BANE: Amber Lynn was getting paid $18,000 a week. Those were in the days of 10 percent agency commission (today it’s 15 percent), so I made $1,800 every time I booked her. I think Ginger Lynn might have been getting similar numbers for a period of time. And on Morgana the Kissing Bandit I was making about $1,600 a booking in commissions.

WAITT: Was it worth the money to the clubs?

BANE: They would actually do well. They’d have lines around the block. And the customers wanted Polaroids at $20 a shot. It was a period of mass popularity for some of these girls.

WAITT: As an agent don’t you also act, to a degree, like a personal manager for some of the entertainers?

BANE: You do try to guide them and tell them what the route is to success. You tell them they have to be able to do good shows. You tell them they have to be able to promote themselves. Sometimes the advice changes over time. But always, if you start off with a good-looking girl, the rest of it is learned behavior. If she can put some decent shows together, if she can dance and do routines, if she can get some good costumes, and if she can do something that’s interesting on stage, she’ll be a success.

WAITT: Because of technology, you went from landlines and pay phones to a cell phone, and from printing and mailing out 8-by-10 glossies to simply emailing a link with a feature’s photos. Have those advancements helped or hurt your business?

BANE: Both. Email has been just fabulous. The office that I had on St. Pete Beach was 2,000 square feet and half of it looked like a post office. Each girl had her own box and a special mail slot for all their promo. They all had to be packaged, put in a UPS envelope and sent out. I was paying $400 a week in UPS charges to send out promo packets to the clubs. I replaced that 1,000 square foot thing with a thumb drive. I can just send them out now from the computer.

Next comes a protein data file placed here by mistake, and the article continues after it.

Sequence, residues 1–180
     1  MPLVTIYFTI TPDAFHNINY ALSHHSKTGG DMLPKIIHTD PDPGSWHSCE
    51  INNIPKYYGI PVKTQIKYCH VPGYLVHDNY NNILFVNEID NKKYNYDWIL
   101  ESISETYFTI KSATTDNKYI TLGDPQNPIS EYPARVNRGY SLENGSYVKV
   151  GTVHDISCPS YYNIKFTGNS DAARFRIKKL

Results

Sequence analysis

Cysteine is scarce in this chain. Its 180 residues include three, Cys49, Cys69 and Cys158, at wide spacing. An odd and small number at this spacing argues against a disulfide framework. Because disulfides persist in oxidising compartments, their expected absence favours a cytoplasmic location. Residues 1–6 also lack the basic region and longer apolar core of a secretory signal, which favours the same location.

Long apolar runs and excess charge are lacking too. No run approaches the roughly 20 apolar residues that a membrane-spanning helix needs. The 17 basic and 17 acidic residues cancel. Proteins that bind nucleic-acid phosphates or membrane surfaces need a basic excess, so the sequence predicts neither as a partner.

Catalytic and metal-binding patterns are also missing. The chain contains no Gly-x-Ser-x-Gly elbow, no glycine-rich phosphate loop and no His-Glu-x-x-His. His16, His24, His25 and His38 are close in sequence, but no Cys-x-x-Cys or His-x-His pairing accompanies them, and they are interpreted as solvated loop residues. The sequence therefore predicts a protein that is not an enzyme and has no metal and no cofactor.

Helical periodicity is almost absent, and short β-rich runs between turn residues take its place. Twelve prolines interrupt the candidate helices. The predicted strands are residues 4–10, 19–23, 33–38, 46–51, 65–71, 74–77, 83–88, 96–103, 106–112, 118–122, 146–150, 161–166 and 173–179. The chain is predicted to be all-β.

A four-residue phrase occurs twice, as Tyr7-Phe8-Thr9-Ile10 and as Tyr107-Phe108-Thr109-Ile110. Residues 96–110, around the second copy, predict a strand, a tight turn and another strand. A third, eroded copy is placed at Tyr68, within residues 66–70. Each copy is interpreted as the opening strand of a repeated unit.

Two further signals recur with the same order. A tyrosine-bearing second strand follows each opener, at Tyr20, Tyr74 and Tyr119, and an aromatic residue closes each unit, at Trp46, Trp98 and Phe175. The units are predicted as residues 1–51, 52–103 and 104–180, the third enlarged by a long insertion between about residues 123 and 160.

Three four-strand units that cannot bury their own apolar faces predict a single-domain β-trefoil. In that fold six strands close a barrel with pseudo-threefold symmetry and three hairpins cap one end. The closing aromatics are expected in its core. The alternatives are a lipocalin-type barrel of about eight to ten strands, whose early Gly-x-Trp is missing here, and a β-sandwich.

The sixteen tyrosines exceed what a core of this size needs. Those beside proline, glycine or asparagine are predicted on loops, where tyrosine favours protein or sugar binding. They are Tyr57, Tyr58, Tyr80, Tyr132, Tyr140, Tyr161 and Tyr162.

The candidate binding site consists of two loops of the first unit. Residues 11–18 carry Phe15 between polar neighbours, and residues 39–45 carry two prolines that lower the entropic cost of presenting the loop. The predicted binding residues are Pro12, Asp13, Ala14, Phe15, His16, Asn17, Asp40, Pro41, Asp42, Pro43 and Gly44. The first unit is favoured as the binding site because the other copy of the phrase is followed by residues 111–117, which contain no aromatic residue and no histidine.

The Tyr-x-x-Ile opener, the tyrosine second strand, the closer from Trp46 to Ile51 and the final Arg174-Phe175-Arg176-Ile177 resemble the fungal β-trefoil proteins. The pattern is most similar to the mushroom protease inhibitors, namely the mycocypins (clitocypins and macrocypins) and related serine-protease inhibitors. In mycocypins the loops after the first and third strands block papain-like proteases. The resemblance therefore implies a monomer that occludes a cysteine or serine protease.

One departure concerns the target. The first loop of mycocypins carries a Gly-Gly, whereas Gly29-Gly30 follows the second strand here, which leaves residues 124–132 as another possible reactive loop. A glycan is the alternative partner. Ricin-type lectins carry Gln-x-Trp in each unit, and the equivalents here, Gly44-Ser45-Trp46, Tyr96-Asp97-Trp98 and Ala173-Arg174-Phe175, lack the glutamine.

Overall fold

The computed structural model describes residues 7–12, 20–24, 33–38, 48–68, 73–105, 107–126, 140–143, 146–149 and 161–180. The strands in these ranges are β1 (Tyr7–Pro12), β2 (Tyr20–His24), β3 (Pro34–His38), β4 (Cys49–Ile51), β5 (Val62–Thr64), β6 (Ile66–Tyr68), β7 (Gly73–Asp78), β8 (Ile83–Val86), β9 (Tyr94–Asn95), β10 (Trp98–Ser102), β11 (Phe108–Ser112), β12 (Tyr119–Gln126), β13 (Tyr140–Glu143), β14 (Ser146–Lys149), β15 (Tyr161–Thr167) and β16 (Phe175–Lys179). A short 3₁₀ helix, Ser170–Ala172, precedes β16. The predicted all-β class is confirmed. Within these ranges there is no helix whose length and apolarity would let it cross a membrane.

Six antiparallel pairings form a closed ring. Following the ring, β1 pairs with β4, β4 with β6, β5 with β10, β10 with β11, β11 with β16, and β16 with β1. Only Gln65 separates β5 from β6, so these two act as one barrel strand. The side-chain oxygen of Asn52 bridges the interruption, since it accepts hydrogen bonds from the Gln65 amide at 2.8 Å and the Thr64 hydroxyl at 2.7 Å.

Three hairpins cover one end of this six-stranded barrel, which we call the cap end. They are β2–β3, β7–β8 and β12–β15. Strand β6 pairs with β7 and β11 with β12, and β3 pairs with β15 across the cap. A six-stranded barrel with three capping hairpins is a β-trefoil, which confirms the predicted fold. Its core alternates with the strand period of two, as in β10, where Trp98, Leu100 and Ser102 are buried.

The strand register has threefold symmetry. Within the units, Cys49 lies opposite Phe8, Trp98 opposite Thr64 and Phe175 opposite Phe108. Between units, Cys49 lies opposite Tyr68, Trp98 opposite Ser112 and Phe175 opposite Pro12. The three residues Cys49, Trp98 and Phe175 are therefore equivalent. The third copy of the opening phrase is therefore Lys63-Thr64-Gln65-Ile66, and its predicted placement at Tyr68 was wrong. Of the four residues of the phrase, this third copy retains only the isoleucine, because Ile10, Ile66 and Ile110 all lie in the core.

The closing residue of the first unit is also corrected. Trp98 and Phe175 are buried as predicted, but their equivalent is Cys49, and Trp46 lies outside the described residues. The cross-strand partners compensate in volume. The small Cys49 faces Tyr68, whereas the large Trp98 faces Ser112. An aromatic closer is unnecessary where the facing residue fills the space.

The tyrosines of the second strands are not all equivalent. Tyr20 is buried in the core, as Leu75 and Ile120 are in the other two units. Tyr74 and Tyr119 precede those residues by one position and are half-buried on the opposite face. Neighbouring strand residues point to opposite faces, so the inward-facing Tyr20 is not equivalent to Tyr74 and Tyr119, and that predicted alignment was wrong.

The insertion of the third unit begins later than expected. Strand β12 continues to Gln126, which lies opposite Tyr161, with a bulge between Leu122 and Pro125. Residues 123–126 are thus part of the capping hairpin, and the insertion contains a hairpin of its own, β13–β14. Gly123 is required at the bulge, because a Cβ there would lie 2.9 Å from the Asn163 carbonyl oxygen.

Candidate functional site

WAITT: So that’s how it helped, but obviously it has got to hurt from the perspective of entertainers can now book direct, or attempt to book direct.

BANE: It happens, but not as much as I thought it would. I remember when my mother was still in the business and you were coming out with the very first EXOTIC DANCER Directory with detailed listings on all of the stripclubs across the country. She was very worried about it. She said, “Uh, oh! This horrible directory is coming out. It’s going to ruin our business.” But it didn’t. I kept the directory nearby and I used it. Every time something comes along, you think it’s going to short circuit your business but then you just adapt.

If a club owner is approached by a feature, who says, ‘Hey, book me direct, and I’ll charge you less,’ they shouldn’t do it. You want to go through an agent because we’ve got the contract, we’ve got the paperwork, we’ve got the history, we’ve got the knowledge. The club owner doesn’t know. He has just been quoted $400 a show and the girl has worked 10 other cities for $200 a show. We pitch the entertainers who do great shows and who are reliable. We back away from people who pull no shows, or cause other troubles. When you get somebody from us, we know that it reflects on us, so we try to put through people who are going to be a success.